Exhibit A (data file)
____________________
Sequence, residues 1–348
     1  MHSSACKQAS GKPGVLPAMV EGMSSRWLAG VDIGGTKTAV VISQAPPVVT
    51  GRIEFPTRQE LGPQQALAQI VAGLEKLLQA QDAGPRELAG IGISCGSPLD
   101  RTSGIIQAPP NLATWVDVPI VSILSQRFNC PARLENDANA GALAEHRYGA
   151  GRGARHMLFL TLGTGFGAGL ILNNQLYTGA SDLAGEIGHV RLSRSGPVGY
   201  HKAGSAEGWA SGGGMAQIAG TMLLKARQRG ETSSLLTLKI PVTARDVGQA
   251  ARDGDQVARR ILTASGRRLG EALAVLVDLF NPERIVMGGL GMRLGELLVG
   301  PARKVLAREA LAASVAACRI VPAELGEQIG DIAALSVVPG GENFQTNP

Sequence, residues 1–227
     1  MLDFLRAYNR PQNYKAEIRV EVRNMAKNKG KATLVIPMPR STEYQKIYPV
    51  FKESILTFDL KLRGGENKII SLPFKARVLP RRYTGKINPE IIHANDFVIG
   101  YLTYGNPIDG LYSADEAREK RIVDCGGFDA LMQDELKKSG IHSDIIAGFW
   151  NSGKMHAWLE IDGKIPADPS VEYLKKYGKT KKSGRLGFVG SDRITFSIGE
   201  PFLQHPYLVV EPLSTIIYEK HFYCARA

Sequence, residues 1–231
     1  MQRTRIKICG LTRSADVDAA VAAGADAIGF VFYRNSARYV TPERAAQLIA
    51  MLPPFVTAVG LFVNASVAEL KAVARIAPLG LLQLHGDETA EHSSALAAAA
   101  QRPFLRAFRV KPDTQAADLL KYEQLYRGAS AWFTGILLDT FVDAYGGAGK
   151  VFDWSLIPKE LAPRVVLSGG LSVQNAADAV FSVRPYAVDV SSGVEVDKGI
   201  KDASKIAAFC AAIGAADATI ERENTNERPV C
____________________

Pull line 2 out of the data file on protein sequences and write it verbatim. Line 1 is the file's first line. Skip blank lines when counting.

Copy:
     1  MHSSACKQAS GKPGVLPAMV EGMSSRWLAG VDIGGTKTAV VISQAPPVVT